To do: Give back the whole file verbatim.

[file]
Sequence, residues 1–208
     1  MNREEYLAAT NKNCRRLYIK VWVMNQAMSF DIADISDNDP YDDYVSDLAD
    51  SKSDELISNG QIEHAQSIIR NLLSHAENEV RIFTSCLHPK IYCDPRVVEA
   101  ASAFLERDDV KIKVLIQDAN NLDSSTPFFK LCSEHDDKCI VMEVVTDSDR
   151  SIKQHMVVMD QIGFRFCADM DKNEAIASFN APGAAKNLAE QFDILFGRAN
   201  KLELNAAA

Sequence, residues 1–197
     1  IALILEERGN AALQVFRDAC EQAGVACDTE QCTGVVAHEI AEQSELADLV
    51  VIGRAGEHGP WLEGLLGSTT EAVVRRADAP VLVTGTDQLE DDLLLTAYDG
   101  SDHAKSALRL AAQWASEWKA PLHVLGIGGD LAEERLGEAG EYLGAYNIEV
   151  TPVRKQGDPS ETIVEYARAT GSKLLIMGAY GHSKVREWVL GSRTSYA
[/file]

Sequence, residues 1–208
     1  MNREEYLAAT NKNCRRLYIK VWVMNQAMSF DIADISDNDP YDDYVSDLAD
    51  SKSDELISNG QIEHAQSIIR NLLSHAENEV RIFTSCLHPK IYCDPRVVEA
   101  ASAFLERDDV KIKVLIQDAN NLDSSTPFFK LCSEHDDKCI VMEVVTDSDR
   151  SIKQHMVVMD QIGFRFCADM DKNEAIASFN APGAAKNLAE QFDILFGRAN
   201  KLELNAAA

Sequence, residues 1–197
     1  IALILEERGN AALQVFRDAC EQAGVACDTE QCTGVVAHEI AEQSELADLV
    51  VIGRAGEHGP WLEGLLGSTT EAVVRRADAP VLVTGTDQLE DDLLLTAYDG
   101  SDHAKSALRL AAQWASEWKA PLHVLGIGGD LAEERLGEAG EYLGAYNIEV
   151  TPVRKQGDPS ETIVEYARAT GSKLLIMGAY GHSKVREWVL GSRTSYA